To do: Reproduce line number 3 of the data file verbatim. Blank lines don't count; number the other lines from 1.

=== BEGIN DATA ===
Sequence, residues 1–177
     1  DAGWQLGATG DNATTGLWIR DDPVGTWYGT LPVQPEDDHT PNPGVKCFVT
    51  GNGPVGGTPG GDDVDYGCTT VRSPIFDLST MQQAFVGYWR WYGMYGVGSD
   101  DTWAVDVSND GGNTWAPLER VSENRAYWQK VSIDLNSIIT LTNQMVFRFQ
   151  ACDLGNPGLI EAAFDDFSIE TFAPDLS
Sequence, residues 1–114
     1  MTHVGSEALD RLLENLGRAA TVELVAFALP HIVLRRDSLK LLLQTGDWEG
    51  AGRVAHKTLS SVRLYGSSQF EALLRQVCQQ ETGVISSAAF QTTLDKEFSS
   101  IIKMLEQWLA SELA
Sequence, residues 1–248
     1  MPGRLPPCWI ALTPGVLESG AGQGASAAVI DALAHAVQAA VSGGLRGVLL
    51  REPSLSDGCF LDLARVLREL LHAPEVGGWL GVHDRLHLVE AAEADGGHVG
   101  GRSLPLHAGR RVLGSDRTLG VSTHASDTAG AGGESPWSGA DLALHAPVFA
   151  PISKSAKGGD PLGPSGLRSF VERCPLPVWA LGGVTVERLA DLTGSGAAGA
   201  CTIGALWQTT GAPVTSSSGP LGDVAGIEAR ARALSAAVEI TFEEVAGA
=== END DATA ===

    51  GNGPVGGTPG GDDVDYGCTT VRSPIFDLST MQQAFVGYWR WYGMYGVGSD